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Facing the Flinch

Facing the Flinch

flinch: /flinCH/ – verb (used without object)

  1. to draw back or shrink, as from what is dangerous, difficult, or unpleasant. 

  2. to shrink under pain; wince.

For the past two weeks, I’ve been taking cold showers every day. I did not mean to, it just happened. The geyser broke, and instead of getting it fixed, I thought to myself, Benjamin Hardy has this whole thing about cold showers and why they are important. Apparently, taking cold showers everyday helps to build discipline. So instead of fixing the situation and returning to the cozy warm showers I’m used to, I decided to let it be, and dive into the experience of cold showers.

At first it was quite hard. Then it got a bit easier. Now when I go to take a shower, I switch the tap on, and dive in immediately. No time to think about how cold it is, and how uncomfortable it is. I don’t even let my mind start, I just dive in and embrace the pain. The first few seconds are tough, the sharp cold water hitting my skin, lungs hyperventilating, the burst of millions of neurons firing off in my brain during the experience. Eventually, it gets easier, and soon enough I forget that the water is cold, I’m deep in it by that point.

The aftermath is a bit interesting too, that feeling of being alive. The same feeling after you finish from the gym. That sensation that you tackled something tough and came out the other side. You are not as soft, you are a little harder, a little tougher, you lose your fear of the cold. Where others shrink back, you move boldly forward. You are a warrior.

There’s the idea of ‘The Flinch’ which I read about for the first time back in 2011. Julien Smith, the author of the book by the same name refers to the flinch as that instinctive fear that pops up once we have to take uncomfortable action. The fear evolved over thousands of years, keeping our ancestors alive in the savannah plains as they navigated a harsh and unforgiving world. That knee jerk reaction to any semblance of danger was many times the line between life and death, the difference between being the hunter and being the prey.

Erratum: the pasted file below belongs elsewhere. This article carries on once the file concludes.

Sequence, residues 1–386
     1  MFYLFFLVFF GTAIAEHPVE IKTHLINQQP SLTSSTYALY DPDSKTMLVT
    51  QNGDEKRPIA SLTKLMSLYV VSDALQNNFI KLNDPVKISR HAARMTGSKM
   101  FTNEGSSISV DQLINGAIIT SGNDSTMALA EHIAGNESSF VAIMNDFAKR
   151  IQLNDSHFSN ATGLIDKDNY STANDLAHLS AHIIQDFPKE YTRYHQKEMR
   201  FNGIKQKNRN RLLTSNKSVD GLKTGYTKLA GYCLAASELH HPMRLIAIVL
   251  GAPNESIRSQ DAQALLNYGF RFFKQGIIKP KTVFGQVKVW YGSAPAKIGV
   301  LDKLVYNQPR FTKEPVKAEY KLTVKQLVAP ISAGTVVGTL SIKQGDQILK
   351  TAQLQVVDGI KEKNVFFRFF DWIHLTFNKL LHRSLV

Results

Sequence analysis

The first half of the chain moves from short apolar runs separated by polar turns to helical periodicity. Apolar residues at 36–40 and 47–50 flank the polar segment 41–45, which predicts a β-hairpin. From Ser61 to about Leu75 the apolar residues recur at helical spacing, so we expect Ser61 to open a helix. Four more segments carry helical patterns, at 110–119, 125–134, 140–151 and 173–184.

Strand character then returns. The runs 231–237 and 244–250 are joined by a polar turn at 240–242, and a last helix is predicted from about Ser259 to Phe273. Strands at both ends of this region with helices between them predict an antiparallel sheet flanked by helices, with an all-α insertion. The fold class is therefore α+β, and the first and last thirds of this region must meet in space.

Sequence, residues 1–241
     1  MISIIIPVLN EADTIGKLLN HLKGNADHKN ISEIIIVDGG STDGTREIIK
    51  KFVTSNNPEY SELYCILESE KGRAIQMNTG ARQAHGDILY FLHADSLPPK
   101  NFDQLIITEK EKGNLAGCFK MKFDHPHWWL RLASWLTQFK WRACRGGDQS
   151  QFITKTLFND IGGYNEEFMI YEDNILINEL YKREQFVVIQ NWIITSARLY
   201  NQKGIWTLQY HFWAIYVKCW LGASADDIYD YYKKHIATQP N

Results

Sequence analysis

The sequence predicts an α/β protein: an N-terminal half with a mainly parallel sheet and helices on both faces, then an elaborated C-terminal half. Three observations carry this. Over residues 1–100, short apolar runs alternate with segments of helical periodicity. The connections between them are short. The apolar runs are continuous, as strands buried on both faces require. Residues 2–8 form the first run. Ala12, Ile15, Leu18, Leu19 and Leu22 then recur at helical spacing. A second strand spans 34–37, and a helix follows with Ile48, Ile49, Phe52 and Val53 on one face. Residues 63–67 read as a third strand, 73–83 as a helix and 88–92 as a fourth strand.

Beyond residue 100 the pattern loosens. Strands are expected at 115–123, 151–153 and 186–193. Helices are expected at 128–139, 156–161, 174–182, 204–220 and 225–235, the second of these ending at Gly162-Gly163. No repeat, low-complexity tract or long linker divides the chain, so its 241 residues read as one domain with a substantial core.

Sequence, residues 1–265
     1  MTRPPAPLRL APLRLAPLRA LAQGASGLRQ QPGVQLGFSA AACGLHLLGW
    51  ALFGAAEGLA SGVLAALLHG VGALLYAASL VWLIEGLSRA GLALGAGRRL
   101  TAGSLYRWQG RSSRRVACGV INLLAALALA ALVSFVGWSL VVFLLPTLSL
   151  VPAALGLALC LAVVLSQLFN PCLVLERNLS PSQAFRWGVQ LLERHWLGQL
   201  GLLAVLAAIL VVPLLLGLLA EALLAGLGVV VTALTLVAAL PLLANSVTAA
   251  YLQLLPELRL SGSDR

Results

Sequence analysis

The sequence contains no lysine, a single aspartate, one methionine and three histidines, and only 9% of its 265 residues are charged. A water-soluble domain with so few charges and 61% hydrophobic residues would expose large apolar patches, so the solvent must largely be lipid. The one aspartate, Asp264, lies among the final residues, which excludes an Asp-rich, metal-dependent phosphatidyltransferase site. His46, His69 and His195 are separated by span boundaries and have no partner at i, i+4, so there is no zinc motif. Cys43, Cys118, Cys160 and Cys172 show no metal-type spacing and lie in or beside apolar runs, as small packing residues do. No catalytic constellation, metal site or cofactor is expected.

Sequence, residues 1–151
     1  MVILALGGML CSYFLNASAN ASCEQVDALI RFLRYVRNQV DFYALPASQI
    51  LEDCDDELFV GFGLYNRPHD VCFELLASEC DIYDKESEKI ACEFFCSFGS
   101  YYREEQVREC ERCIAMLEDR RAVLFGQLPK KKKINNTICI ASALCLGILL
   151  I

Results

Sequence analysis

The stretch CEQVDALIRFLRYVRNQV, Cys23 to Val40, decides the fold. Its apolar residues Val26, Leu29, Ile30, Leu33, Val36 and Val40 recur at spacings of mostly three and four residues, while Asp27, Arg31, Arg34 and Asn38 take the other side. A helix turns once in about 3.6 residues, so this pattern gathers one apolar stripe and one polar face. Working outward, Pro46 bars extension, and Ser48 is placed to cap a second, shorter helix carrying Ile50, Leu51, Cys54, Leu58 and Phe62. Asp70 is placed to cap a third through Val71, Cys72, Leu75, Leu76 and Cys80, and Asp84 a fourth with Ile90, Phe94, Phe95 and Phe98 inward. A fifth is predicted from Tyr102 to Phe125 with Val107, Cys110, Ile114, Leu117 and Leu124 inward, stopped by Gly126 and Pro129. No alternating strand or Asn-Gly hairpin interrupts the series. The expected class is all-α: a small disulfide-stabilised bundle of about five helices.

But we don’t live in that ancient dangerous and precarious world anymore. We live in general safety now. And even though there is a lot of bad, and there is a lot to worry about, things are on the whole better than they have ever been. But the flinch remains. It shows up as the lump in your throat as you contemplate talking to the attractive girl at the bar, the pounding in your chest as you think to raise your opinion in the board meeting. All echoes of our evolutionary programming.

We let this flinch metastasize into this amorphous fear monster that keeps us locked in our comfort zones and prevents us from taking the action required to move us forward to the next level. In the journey of getting what you want, at some point the rubber must actually hit the road. You must actually do the things and take action. And that is where many of us fail. Because it is nice to talk about it, it is nice to dream, it is nice to make the plans and hold the intention. Actually taking action and doing the thing is tough. But it can be done, and we must do it.

Know the flinch for what it is, a specter, a ghost. Meet it with bold action and find that it quickly dissipates. Get into the habit of the zero second rule. When you wake up in the morning, get right up, don’t hit snooze, don’t think about it, just get up. Remove the amount of dilly dallying in your life. You finish eating a meal, wash the dishes right away, don’t let them sit in the sink and fester away. You have a task to do, don’t procrastinate, get it done now, or do something to move it forward. You need to make a call, make that call. Don’t think about it, just pick up the phone and do it.

It will feel hard, but it will get easier. The more you do and step outside your comfort zone, the better you get at it. You will feel your discipline getting stronger. The things that were so hard will get progressively easier and you will get addicted to the feeling, soon enough you are climbing higher and tackling harder things.